june tropical garden

The red of ‘Black Forest’ rose continues to heat up the tropical border, but a few other things are filling in.  Verbena bonariensis and the first dahlias are just a few weeks away.

I would guess there are plenty of hot and dry spots in South Africa, so it doesn’t surprise me that the prickly daisy flowers of Berkheya purpurea look fresh and happy opening up in the heat.  I haven’t quite figured out yet why I like thistly plants, but this prickly, perennial mess is one of my favorites!

Berkheya purpurea

Berkheya purpurea looing as good as it gets in the rock garden.

Another mess which absolutely thrills me is the meadow garden.  In early July the grass is just beginning to dry off, and the golden rudbeckia and orange butterfly weed fill it up with color -even if golden rudbeckia are one of my least favorite colors.

meadow garden

The meadow garden with a smattering of aspen saplings which have been allowed to sprout up.  Of course they’ll end up casting too much shade, but right now I love the rocky mountain meadow look.

I leave you with one last bit of randomness.  I’ve been nursing a ‘Chuck Hayes’ gardenia along since picking it up at the nursery late last summer.  I tried the same thing the year before but of course killed it just as it was about to bloom, but second time must be the charm.  With the new plant I carefully did nothing other than take it into the garage to escape the worst of the winter, and then water just enough to keep it alive.  No silly fertilizing, or repotting, or anything else that would mess with the healthy plant that I had, all I did was wait patiently as it set buds and then finally decided to open up a few which had been forming all spring.  On the first day of the most brutal, heavy, enveloping humidity ‘Chuck Hayes’ opened a bloom and filled the air with his Southern perfume, and it was just like I hoped it would be.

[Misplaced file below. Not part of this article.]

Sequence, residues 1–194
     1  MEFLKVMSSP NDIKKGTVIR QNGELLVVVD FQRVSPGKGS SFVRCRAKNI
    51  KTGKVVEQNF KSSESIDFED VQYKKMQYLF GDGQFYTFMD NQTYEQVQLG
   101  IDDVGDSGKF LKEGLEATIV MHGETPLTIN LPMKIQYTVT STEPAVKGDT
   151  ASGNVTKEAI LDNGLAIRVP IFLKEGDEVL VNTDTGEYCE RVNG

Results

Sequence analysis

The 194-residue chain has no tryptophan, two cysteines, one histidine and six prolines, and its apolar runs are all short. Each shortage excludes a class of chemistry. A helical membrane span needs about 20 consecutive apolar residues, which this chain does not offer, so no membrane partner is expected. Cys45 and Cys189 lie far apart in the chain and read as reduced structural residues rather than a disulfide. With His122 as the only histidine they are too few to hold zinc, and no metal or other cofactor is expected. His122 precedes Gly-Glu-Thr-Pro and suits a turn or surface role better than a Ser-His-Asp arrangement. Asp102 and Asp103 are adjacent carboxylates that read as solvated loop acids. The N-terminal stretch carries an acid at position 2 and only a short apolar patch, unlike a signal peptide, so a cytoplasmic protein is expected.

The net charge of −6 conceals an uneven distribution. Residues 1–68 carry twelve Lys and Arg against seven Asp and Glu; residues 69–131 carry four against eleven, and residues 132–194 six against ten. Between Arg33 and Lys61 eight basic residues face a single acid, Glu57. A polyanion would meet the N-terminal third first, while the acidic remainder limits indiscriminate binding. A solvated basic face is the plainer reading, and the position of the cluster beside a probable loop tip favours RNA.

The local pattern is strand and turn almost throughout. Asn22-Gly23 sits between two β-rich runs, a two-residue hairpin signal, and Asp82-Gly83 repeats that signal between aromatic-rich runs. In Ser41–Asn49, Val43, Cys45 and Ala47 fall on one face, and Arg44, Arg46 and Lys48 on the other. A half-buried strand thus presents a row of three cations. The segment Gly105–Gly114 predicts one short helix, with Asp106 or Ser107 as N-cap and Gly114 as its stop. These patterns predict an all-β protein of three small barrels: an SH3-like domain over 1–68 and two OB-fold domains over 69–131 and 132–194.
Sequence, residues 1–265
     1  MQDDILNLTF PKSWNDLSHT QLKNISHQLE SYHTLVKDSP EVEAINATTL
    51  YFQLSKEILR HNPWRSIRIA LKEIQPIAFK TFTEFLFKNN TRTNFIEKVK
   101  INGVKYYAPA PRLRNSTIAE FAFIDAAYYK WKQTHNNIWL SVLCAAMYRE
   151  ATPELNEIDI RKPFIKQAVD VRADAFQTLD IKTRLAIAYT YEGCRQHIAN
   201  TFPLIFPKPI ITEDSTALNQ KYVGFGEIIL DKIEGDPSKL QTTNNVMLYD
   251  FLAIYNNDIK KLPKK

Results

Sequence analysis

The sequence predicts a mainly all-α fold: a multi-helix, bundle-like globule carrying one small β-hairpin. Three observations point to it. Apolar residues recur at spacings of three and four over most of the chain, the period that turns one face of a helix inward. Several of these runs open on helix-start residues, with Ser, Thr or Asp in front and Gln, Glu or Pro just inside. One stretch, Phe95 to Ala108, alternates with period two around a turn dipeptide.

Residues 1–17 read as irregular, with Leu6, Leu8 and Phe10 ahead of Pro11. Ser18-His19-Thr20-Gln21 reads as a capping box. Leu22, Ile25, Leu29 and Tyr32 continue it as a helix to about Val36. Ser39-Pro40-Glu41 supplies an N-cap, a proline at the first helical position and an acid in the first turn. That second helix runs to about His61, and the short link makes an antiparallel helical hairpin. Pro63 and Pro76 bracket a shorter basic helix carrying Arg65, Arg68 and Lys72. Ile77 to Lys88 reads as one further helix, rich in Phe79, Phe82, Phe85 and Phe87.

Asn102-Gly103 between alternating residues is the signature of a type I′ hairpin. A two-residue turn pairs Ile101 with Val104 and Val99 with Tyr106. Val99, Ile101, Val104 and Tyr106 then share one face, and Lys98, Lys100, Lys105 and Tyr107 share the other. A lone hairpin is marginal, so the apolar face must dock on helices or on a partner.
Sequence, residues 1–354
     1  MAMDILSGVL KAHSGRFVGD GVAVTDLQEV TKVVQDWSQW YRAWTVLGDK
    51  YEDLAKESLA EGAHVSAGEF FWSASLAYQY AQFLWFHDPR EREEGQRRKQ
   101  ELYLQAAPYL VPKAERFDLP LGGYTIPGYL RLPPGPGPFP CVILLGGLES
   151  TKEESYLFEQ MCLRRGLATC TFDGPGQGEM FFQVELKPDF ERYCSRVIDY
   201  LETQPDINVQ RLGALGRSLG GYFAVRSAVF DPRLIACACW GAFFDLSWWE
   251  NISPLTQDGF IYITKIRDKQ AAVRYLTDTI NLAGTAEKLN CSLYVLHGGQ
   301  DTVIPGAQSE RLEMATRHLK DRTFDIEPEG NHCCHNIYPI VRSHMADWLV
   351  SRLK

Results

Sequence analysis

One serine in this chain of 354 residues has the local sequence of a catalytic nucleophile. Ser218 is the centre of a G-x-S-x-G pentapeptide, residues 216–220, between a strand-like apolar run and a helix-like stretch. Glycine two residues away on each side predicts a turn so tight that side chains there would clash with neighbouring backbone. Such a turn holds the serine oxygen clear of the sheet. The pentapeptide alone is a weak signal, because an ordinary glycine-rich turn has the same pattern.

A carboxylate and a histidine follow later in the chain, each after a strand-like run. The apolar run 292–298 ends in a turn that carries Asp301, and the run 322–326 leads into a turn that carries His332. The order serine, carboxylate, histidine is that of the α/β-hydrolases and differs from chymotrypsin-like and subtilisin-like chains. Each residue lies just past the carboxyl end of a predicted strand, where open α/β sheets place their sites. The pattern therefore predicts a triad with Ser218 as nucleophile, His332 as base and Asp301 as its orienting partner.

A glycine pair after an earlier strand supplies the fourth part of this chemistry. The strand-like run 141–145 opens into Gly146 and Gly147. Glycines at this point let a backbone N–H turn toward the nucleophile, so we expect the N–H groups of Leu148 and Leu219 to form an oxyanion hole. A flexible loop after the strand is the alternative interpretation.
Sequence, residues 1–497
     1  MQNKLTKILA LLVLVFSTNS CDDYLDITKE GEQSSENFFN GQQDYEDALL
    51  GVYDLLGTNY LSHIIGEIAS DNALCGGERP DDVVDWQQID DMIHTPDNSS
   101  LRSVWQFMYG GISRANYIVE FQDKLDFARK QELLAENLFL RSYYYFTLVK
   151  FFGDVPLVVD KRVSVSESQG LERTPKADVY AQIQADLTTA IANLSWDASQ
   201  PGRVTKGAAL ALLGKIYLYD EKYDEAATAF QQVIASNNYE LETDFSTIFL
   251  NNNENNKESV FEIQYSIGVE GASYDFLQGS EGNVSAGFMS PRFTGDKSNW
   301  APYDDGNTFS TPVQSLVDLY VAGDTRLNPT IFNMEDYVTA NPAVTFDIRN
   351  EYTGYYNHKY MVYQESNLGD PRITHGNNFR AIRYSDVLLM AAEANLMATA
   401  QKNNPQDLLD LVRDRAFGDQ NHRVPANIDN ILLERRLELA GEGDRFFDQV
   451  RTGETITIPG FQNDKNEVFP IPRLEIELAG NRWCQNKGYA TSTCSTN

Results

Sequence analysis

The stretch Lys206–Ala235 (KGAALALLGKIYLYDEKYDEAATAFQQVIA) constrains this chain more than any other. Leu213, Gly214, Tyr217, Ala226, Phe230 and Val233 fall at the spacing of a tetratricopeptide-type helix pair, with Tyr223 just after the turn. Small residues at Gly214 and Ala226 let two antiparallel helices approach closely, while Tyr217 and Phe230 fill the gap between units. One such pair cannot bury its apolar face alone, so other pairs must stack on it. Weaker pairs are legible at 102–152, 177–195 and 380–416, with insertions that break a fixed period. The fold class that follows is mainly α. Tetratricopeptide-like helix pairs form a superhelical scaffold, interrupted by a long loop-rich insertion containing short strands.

gardenia chuck hayes

Gardenia ‘Chuck Hayes’ in bloom.  Another catch it while it’s still alive moment in the garden.

And then the blahs hit.  It’s really not as bad as it sounds since I’ve already seen the other side, but to make a long story short, the garden survives.

$33 worth of gifts to myself

$738 total so far for the 2018 gardening year.

And Then It Was Summer

Well now it’s official, the first roses are in bloom.

rose john cabot

Rose, possibly ‘John Cabot’, opening up at the far end of the front border.

I don’t think anyone out there dislikes roses.  They might not like growing them, but to dislike them or harbor worse opinions seems out of the question and even borderline suspicious to me.  There are a few roses around here but I’ve tried to hold back.  Rose Rosette Disease is in the wild roses all around us, and I’d hate to see it jump into the garden and decimate any big plantings I might end up putting in.  Unless they’re irresistibly fragrant of course.  The workhorses I have right now are barely fragrant, and at the start fo each summer I always give a little thought to adding something with a fierce perfume.  This year I’m thinking rugosas, and we’ll see if I can hold strong or not.

lupine red rum

A surprising return from last year, ‘Red Rum’ lupine.  I still think it’s amazing and of course want more.

The front border along the street is still riding high with the last of the iris and alliums and a returning lupine star from last year.  I was sure the lupine would would be a one and done wonder but here it is in year two looking even better.  Between the lupine and some new allium schubertii I’m really pleased how it looks.  Usually the iris are followed by a lull, but not this year!